I try to be respectful of other people’s perspectives and not live in an echo chamber, but this election season has gotten so ugly it’s tested the limits of my acceptance.
I was happy to vote for whatever nominee the Democratic Party selected. Hillary Clinton is undoubtedly a historic choice, but I’m not voting for her because she’s a woman. I would have selected Bernie Sanders over Carly Fiorna in a heartbeat.
Is Clinton flawed? Yes. I wish she was straightforward about her Foundation’s contributions when she was Secretary of State. I wish she had apologized to the women she furiously attacked and worked to discredit after they complained about her husband’s behavior.
(I tried, but I can’t get worked up about those emails. I’ve worked with people who insisted on printing everything out and I just feel sorry for her aides who had to do that. It doesn’t make for an efficient work environment.)
So why am I voting for Clinton?
- She has clear, detailed policies and plans.
- She has a history of public service in the legislative and executive branches.
- She’s shown she can be a centrist and compromise with colleagues from across the aisle.
- She’s worked for the only guy to whom she lost an election without pettiness or complaint.
- Lastly, and most importantly, I agree with her on most of her policy positions.
As for her opponent:
Communication theorist Marshall McLuhan once wrote, “The medium is the message,” and I think that statement perfectly encapsulates the Republican candidate’s campaign. His medium of choice is television.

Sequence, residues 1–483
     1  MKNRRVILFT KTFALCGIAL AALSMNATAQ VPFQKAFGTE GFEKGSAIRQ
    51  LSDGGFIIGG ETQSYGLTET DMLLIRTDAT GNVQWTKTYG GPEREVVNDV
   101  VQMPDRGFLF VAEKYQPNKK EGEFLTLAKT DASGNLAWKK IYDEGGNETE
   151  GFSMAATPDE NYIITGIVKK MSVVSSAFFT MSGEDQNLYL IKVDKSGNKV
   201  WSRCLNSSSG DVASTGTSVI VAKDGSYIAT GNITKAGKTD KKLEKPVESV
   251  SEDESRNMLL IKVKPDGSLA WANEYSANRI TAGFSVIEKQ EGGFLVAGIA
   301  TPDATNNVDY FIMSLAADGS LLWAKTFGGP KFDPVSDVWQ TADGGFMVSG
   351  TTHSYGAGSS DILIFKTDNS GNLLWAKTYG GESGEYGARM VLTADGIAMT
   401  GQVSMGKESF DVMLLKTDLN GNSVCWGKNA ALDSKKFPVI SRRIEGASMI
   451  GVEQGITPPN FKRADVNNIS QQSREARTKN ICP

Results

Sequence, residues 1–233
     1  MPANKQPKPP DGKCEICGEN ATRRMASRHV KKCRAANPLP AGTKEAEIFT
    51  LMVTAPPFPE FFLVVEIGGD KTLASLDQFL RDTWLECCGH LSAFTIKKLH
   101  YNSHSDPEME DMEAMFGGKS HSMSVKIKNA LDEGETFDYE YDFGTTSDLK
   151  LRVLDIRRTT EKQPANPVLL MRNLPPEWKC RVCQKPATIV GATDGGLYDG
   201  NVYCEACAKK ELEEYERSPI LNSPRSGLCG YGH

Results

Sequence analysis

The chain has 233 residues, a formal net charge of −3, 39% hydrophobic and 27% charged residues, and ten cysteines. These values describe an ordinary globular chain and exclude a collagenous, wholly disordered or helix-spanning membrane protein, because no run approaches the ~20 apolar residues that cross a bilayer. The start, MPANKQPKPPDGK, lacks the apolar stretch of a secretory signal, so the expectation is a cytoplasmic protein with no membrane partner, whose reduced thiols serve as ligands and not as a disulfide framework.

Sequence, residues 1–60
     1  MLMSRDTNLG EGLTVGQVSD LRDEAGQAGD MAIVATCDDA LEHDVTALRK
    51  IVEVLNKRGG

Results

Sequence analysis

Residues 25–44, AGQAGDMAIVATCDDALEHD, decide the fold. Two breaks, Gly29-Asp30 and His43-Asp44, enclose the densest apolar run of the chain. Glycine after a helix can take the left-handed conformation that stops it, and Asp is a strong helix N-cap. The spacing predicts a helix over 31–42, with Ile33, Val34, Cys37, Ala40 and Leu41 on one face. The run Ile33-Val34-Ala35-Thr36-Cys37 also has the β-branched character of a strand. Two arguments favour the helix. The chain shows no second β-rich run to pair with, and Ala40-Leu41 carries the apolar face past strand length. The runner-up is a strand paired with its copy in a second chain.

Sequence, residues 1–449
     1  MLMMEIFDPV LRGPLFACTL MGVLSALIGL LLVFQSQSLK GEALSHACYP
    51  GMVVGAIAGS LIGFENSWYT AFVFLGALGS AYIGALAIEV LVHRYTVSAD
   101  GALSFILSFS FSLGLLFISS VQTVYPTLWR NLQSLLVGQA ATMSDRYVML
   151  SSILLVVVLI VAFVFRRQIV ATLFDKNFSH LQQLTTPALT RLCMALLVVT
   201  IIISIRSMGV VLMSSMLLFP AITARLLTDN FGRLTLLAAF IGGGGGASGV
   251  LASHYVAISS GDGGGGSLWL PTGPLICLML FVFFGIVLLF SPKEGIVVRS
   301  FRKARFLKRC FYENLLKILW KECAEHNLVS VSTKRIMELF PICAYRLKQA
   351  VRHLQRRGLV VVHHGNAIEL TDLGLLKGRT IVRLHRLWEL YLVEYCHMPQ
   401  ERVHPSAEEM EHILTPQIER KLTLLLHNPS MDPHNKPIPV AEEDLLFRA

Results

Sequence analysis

Like Trump, television news lacks substance and context. Many of his rallies were broadcast live in their entirety on cable news channels, which floored me. Surrogates marched on and off shows, talking in sound bites, making absurd, unchallenged claims and twisting themselves into figurative pretzels trying to defend Trump’s personally contradictory stances on a number of issues.
And despite all this exposure, Trump successfully derided and eventually discredited much of the media, despite employing the CEO of a media company as his campaign chairman and his son-in-law owning a newspaper.
Now, he’s whipping up his supporters to question the validity of an election, in which fraud has proven to be statistically insignificant, because there’s a strong chance he’s going to lose and he doesn’t accept responsibility for any of his failures.
Personally, I think the whole campaign has been an extended program for the soon-to-be-formed Trump Television Network, just another channel in the screaming void.